Hosted by the Esperanza Formation at the confluence of the Mammoth, Mammoth Extended and Foschi’s faults. Primary mineralisation is recorded as chalcopyrite and pyrite veining with locally massive zones. Supergene mineralisation is typically located in the upper and northern parts of the orebody (largely mined) under the silica cap and is characterised as massive, vein and disseminated chalcocite, native copper and reported digenite-djurleite-covellite.

Esperanza South: strikes approximately 25 degrees NNE, 50 m below surface extending to 1,100 m below surface, 850 m long and up to 70 m wide. Copper mineralisation width within the corridor varies greatly from several metres to full corridor width and is continuous down dip.

Greenstone: strikes approximately 65 degrees NE; The top of the orebody is 150 m below surface extending to date to 400 m below surface, 300 m long and 150 m wide. Copper mineralisation currently presents as an upper, sub-vertical core, and a deeper southerly dipping lode which is offset to the north.

Mammoth: A very extensive complex multi fault-controlled mineralisation complex with multiple lodes and orientations extending from surface to approximately 1,200 m below surface and open at depth. Mineralisation widths vary from several metres to several hundred metres with mineralisation continuous down dip. Overall strike is approximately 1,400 m.

Pluto: strikes approximately 45 degrees NE, 100 m below surface extending to 700 m below surface, 500 m long and 100 m wide, as discrete, thin (5 – 25 m) mineralised lodes.

Esperanza: strikes approximately between 45 degrees (NE) on the eastern side to 70 degrees (ENE) on the western side. The orebody commences between 20 m to 150 m below natural surface (now mined out) and extending to 400 m below natural surface, 700m along strike and 20 m to 80 m wide tapering at depth.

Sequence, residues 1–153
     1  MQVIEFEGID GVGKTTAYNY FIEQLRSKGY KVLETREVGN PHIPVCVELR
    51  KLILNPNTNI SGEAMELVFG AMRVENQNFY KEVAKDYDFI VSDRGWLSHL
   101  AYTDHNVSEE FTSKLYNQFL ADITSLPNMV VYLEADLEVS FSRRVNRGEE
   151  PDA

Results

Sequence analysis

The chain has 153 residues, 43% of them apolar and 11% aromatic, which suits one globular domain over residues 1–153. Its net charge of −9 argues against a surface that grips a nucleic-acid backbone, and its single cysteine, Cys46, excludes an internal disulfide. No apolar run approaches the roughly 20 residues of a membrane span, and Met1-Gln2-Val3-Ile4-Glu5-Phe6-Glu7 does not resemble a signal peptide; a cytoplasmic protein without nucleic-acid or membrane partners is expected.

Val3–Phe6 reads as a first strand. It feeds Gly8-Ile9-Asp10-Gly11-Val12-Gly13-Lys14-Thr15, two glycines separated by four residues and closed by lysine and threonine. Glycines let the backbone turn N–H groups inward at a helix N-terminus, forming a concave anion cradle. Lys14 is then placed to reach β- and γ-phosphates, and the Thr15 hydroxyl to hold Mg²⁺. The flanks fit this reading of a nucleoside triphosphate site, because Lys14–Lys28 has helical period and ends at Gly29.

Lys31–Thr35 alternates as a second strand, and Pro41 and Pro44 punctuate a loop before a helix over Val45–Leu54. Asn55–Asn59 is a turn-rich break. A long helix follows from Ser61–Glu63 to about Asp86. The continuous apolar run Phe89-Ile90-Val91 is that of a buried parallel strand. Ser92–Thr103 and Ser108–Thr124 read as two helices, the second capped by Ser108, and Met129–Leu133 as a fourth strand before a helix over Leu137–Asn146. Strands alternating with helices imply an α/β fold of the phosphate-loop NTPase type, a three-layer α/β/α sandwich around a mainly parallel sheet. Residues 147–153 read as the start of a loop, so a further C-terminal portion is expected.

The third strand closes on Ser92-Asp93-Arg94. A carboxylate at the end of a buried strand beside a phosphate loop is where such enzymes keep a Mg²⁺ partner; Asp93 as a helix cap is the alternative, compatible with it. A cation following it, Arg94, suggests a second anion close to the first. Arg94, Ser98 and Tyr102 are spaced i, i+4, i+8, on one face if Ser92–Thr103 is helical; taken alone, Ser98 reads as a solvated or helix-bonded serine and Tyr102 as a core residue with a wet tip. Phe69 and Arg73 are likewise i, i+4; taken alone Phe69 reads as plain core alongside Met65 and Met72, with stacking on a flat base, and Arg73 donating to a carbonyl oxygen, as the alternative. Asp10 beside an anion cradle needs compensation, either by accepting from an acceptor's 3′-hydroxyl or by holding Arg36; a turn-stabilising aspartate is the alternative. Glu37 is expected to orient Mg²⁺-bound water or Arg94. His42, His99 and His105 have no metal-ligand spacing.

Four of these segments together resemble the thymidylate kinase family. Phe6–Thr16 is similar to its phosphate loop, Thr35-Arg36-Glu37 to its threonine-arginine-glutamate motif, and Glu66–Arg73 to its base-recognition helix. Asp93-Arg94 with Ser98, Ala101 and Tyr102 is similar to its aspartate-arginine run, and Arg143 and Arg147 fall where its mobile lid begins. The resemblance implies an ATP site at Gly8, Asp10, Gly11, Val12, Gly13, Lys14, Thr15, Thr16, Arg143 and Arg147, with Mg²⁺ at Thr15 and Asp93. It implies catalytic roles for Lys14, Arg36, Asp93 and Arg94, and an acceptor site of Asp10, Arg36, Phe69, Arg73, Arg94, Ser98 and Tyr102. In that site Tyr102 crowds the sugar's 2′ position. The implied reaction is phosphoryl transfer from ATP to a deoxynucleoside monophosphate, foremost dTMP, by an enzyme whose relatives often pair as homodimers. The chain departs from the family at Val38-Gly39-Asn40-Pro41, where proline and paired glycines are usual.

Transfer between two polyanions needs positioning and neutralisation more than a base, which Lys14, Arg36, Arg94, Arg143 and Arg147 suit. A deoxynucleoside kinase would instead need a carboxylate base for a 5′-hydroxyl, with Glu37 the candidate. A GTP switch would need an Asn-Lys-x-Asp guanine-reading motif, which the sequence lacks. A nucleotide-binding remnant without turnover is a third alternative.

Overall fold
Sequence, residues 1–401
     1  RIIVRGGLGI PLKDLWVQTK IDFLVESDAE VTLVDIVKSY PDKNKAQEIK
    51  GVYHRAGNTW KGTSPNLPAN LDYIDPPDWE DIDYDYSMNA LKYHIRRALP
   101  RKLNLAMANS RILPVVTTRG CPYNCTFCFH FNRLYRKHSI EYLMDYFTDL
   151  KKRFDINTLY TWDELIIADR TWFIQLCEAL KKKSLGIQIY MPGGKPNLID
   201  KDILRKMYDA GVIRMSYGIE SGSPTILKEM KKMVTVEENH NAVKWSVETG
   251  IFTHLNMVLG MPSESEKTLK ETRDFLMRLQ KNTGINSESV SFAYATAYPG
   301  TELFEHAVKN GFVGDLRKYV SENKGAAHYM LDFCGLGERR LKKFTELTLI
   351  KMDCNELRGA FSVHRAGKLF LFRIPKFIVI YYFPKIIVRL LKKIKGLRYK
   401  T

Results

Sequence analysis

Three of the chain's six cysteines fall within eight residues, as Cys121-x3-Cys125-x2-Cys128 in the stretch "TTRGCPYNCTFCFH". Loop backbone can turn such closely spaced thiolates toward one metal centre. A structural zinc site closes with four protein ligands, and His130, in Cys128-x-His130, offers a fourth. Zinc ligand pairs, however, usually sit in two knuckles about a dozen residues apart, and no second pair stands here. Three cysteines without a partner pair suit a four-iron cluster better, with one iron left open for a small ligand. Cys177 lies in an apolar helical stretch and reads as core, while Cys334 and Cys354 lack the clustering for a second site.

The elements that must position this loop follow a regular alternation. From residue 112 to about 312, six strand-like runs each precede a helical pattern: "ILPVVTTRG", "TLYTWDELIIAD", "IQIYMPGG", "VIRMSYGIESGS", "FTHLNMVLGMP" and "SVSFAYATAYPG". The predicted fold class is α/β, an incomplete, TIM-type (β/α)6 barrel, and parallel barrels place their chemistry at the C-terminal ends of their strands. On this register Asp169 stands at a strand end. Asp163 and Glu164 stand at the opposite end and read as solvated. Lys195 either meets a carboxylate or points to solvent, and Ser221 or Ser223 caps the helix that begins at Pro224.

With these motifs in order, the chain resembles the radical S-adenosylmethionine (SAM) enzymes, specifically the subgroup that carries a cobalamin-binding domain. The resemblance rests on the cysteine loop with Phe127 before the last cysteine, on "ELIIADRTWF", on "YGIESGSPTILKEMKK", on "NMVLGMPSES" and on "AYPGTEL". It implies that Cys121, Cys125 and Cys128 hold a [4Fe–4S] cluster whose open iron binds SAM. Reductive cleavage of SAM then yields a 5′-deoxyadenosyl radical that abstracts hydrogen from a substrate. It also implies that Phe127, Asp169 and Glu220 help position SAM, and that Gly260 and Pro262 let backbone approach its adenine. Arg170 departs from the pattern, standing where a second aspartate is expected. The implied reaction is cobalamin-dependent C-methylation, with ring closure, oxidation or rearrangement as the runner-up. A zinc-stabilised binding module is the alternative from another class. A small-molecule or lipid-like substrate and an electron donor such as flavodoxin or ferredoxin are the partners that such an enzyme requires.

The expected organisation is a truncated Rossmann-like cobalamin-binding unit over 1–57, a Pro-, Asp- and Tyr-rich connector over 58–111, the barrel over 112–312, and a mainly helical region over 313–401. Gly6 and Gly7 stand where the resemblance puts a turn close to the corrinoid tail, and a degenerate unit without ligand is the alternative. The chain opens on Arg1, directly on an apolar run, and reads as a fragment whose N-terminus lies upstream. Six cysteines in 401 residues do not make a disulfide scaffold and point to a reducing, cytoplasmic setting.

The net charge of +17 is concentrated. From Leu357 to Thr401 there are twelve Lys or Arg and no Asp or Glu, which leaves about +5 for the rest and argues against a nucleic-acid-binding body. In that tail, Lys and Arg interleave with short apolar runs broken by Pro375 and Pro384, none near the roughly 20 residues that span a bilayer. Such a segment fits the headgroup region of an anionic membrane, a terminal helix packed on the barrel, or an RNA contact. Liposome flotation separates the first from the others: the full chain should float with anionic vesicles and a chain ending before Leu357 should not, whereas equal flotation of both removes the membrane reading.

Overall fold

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Copper Metal in concentrate M lbs 00000000000040
Silver Metal in concentrate koz 0000000000000000108
Copper Equivalent Metal in concentrate kt 0000000018
Copper Concentrate kt 00000
^ Guidance / Forecast.

Operational metrics

Ore tonnes mined 00000000000000000001,301 kt
Tonnes milled 00000000000000000001,326 kt
Waste 000000000000
Hourly processing capacity 000
Annual processing capacity 0000
^ Guidance / Forecast.

Production Costs

All-in sustaining costs (sold) Copper USD 0000000 0000000 0000000 2.84 / lb   4.16 / lb  
C1 cash costs (sold) Copper USD 00000 000000 0000000 2.3 / lb   3.18 / lb  
Net of By-Product.


Capital expenditures (planned) M AUD  ....  Subscribe
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Mine Management

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EmployeesContractorsTotal WorkforceYear